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Conference paper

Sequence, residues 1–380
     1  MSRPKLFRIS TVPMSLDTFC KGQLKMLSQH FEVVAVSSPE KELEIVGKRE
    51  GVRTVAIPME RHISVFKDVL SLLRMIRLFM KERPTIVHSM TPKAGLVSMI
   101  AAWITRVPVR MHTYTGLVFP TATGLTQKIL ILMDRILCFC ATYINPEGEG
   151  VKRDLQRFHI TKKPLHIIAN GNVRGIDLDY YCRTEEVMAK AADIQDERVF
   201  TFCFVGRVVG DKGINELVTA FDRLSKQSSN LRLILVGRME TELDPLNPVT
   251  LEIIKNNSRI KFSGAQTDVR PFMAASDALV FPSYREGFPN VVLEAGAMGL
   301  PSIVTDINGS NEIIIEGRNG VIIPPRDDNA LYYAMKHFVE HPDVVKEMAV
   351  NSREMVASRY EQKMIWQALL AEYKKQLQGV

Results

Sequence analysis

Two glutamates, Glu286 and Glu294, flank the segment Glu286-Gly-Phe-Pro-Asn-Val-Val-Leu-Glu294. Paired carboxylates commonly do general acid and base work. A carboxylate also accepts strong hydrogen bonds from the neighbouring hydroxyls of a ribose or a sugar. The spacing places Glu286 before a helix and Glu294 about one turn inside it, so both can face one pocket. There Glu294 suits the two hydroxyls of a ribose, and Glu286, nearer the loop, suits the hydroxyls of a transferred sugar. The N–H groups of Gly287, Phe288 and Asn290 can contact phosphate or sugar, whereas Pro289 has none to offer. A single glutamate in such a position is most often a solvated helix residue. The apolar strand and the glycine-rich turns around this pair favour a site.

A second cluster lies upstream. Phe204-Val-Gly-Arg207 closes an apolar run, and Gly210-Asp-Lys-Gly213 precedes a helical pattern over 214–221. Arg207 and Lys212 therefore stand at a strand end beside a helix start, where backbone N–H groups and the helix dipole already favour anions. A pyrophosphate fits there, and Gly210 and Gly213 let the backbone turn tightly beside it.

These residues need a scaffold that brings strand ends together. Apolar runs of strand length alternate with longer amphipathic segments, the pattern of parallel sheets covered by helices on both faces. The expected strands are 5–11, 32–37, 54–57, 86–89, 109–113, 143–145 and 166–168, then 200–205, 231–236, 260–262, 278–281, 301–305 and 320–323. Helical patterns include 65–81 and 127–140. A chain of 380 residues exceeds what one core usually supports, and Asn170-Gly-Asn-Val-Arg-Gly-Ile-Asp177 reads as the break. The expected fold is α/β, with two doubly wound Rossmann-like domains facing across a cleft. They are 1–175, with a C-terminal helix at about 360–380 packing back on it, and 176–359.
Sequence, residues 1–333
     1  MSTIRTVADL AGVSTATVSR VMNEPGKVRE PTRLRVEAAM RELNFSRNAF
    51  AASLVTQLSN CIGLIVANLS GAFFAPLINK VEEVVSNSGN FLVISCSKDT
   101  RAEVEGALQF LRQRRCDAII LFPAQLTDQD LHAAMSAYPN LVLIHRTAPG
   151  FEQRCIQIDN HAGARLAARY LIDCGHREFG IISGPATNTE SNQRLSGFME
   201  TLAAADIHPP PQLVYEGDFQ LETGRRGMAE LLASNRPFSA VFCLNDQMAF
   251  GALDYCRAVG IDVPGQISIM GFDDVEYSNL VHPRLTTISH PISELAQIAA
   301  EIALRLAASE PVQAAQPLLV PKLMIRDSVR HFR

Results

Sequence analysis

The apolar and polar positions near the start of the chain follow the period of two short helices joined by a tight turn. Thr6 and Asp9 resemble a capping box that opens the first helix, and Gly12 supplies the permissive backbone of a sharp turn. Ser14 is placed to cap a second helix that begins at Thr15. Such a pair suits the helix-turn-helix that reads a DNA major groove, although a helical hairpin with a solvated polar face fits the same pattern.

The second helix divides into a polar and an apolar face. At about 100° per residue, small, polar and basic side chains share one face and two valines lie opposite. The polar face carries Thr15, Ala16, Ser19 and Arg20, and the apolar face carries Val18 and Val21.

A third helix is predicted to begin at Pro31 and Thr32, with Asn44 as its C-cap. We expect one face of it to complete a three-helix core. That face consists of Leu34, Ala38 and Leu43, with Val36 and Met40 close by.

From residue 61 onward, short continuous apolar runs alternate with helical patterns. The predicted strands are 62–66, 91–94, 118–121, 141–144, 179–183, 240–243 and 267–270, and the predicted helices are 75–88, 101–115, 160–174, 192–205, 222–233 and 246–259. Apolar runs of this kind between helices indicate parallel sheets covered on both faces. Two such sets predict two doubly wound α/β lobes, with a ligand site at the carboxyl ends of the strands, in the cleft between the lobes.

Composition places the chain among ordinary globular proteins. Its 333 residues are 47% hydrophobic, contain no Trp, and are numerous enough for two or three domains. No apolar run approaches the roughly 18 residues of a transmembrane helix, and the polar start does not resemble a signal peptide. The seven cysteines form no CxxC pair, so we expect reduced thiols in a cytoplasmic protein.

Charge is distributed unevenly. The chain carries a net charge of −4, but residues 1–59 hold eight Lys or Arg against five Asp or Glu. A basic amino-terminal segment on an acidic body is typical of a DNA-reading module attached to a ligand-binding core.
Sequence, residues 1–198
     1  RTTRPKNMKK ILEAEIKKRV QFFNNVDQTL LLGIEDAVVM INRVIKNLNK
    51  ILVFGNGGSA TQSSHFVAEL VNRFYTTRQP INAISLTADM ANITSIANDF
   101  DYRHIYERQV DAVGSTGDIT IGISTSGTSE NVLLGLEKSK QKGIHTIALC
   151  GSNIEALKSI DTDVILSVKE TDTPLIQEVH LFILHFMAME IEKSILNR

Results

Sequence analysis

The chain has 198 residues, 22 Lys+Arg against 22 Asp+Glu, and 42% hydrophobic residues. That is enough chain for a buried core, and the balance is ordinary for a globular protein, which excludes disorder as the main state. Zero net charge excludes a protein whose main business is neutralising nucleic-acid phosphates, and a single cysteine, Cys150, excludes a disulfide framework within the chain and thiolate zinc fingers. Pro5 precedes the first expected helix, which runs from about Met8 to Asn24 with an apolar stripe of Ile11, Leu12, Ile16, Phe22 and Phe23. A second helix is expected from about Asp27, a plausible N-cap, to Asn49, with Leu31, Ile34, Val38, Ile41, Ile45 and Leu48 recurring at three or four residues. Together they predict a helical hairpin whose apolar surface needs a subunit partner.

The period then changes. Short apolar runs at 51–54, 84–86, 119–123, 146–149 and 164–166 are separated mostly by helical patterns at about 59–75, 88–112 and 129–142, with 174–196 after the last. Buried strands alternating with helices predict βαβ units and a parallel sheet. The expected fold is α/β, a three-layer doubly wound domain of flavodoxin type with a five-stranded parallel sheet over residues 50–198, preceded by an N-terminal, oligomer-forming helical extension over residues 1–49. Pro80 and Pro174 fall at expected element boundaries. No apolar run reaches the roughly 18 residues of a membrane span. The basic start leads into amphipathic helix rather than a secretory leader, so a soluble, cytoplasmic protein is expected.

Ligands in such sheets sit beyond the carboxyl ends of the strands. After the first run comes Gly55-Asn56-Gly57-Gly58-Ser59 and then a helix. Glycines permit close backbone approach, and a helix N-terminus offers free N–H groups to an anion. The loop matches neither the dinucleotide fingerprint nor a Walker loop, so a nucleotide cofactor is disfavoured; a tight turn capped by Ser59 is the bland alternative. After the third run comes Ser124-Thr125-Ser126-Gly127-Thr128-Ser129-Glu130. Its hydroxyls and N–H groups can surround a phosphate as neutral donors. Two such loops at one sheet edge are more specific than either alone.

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Achieving efficient spectrum management in the pursuit of the public interest is a key aspect of legal reforms introduced in spectrum liberalising countries. However, spectrum law is unclear about the precise nature of the efficiencies to achieve and choices between different efficiency objectives are often dictated by the nature of the services, bands and market considered. This article argues that what the public interest needs most is governance efficiency, i.e. the flexibility to select appropriate efficiency objectives and design the corresponding licenses to achieve them. Australia has experimented with flexible governance arrangements since the 1992 legislative reforms. Hybrid licenses have flourished within the apparatus and class licensing regimes, albeit less so within the property rights approach where the regulatory discretion to craft dynamically efficient sub-regimes is mostly transferred to the licensee. Hence, despite successes in moving towards governance efficiency, some legal rules still feed a pool of 'licensing gaps' that detract from the public interest they are meant to serve. The article discusses remedies to these gaps.

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